Feb 26, 2002

Getting Paid to Listen

Getting Paid to Listen

Joyce Robinson


Is there a job out there where you get paid big bucks to
listen? I mean sitting with someone over a coffee and just listening? You may
guess a psychiatrist or lawyer and that would be correct. The truth is, all of
us in the sales profession get paid big bucks to listen.


One problem for many of us is we think we get paid to talk.
We polish the pitch, we get praise for our glib tongue. The truth is that we
make far more for listening than we do for talking. The good news is that we
can develop our listening skills. Here are some listening tips for professional
listeners. Give them a try and see if your sales don’t increase

•                Make
up your mind to listen. The first step as
always is to make a commitment to listen better. Decide to practice, to observe
your performance with customers and to improve your listening skills.

•                Value
people—all of them. Next, make up
your mind to value people. The people you talk to pay your check. If you are
thinking they are old or stupid or poor or lookers, you will not value their
feedback and you will not listen. Make sure you value each customer as a client
worth listening to for every detail.

•                Value
feedback. When the customer talks, do you
see it as an interruption of your presentation or as a roadmap to the sale?
Learn to see feedback, questions and even objections as sign posts that will
allow you to tailor the sale to the customer and accomplish your goal. Many of
us stop customers from talking by the way we react when they do. This behavior will kill a lot of sales you could be making. Honestly look at your past sales and see if you are valuing and encouraging all customer feedback.

•                Realize
the benefits of listening. Once a day, or
before each sale, sell yourself on the benefits of listening. There are
benefits to talking too much. You feel in control, you feel smart and you have
no time to feel fear. You have to make a conscious decision to listen and to
realize that listening allows us to gain the customer’s confidence, to
find out what they are interested in and to tailor the presentation to their
needs. Listening also allows you to correctly sense what is holding them back from buying and when to close. Yes, great closers are all great listeners.

•                Practice listening. Just as no one learns to play the piano without practice, no one learns to be a world class listener without
practice. How do you practice listening? Watch movies with characters that are
good listeners and notice their style. Practice listening with your spouse,
friends or other salespeople. Get them to critique and give you tips. Studies
show women are particularly good listeners, so try to get a woman’s point
of view on your style.

•                Prepare
to listen. Before you meet with a client,
ask yourself and maybe write out what you want to find out about these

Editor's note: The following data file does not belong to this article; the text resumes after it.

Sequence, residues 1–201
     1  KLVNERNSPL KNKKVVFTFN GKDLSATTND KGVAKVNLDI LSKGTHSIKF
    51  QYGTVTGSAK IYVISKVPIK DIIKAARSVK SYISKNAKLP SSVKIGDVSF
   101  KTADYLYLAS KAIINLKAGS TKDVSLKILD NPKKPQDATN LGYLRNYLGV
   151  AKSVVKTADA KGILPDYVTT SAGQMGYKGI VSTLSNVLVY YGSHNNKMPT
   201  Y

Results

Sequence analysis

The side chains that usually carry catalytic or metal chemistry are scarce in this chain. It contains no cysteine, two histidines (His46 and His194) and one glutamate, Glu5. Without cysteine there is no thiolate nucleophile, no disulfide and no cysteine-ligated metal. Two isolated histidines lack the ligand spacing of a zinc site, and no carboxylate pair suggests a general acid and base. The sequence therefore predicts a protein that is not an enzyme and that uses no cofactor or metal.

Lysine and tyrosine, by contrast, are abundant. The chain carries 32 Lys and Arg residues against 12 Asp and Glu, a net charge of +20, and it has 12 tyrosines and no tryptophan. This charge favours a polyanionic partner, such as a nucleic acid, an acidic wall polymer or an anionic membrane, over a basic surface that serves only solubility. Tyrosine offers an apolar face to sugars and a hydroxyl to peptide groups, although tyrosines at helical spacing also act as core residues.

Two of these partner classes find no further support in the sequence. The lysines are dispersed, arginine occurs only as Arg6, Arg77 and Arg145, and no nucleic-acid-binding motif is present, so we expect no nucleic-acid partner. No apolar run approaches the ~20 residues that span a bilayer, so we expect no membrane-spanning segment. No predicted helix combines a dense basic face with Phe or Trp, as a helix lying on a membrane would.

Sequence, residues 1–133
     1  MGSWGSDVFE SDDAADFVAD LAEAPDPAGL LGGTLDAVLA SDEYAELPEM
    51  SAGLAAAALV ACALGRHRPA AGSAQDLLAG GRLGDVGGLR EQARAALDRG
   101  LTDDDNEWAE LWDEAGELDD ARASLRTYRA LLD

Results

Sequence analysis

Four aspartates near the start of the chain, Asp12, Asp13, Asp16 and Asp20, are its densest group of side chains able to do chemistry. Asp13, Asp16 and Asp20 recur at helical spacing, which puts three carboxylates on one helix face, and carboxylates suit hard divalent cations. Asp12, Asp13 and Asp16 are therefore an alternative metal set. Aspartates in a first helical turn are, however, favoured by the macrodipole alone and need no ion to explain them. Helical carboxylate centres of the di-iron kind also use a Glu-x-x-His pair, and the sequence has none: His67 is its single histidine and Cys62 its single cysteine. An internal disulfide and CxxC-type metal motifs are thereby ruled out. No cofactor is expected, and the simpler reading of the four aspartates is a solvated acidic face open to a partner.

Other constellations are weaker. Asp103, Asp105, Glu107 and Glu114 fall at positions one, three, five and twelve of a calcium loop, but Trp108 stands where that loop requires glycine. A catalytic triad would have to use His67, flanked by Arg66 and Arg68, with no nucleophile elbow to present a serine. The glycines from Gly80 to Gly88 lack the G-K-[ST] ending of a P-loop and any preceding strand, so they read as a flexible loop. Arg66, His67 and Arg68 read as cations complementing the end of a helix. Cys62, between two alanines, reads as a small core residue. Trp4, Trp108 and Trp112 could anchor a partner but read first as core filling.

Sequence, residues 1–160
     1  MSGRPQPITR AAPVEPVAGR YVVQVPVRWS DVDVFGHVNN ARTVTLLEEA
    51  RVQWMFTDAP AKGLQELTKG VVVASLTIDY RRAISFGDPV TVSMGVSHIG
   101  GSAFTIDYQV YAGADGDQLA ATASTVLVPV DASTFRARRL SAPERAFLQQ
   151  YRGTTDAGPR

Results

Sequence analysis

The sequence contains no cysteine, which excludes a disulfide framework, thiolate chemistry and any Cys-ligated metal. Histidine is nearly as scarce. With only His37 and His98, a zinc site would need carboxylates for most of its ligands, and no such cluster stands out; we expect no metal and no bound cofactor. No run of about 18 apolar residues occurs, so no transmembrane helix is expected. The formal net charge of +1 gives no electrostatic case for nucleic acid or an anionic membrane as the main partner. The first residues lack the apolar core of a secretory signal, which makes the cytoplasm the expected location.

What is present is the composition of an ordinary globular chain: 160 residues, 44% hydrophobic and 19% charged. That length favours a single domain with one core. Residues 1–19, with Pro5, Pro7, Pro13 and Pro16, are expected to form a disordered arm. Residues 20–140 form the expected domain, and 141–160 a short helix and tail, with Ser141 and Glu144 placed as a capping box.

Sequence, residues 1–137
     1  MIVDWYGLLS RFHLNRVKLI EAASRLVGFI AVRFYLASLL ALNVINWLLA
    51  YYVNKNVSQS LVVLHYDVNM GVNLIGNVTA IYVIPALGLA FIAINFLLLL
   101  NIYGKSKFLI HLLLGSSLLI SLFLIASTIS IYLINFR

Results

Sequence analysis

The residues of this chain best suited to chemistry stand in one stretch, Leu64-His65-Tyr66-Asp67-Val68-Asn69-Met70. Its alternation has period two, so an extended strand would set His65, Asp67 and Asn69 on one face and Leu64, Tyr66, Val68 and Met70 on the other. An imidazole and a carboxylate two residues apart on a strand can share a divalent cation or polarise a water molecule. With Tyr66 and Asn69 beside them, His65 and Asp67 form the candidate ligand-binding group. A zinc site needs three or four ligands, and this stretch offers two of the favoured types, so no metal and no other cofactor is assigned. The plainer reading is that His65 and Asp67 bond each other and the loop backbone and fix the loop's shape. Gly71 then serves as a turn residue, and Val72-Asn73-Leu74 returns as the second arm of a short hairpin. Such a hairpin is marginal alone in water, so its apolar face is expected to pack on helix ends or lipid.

customers. Don’t go in without planning. At the end of the sale, check
and see how many of the questions you intended to find out about the clients
did you actually get full answers to? Preparation is important in good listening.

•                Set
a listening goal. Before you begin to
sell, set a goal for listening time. Many great salespeople say you should be
listening 70 percent of the time and talking 30 percent. I know that may sound
wacky, but the wackier it sounds, the more you may need to work on your
listening skills. Have a goal for listening and practice until you can
consistently achieve it.

•                Get
into a listening posture. To get the
customer to talk, you have to look interested. That means being relaxed,
looking at them as they talk. It means not fidgeting, looking around or looking
at your watch. It also means having a listening posture. Lean forward slightly
toward the talker. Have a relaxed and open posture. All these factors determine
if the customer believes you care and want to listen.

•                Take
notes. This is extremely important.
Nothing makes the customer feel you value their wants, desires, problem and
opinions more than when you take notes. It helps you concentrate and recall and
it says the customer and their needs are important to you.

Take notes. It costs so little and means so much.

•                Keep
them talking. If you want the client to
talk, you can do it by using extenders. These are phrases like, “Go
on,” “Tell me more” and “How do you mean?” and many other phrases that encourage the customer to continue. Use pauses to encourage them to talk. Many studies show that men and particularly women are not through talking when the salesperson jumps in and talks.


These are some techniques that great closers tell us help
them listen. A recent study showed that the number one thing customers are
looking for is “a salesperson who listens and understands them.”
The seller who fits that bill gets the say and gets well paid for listening. Does that describe you? If not, you could be making a lot more money.        

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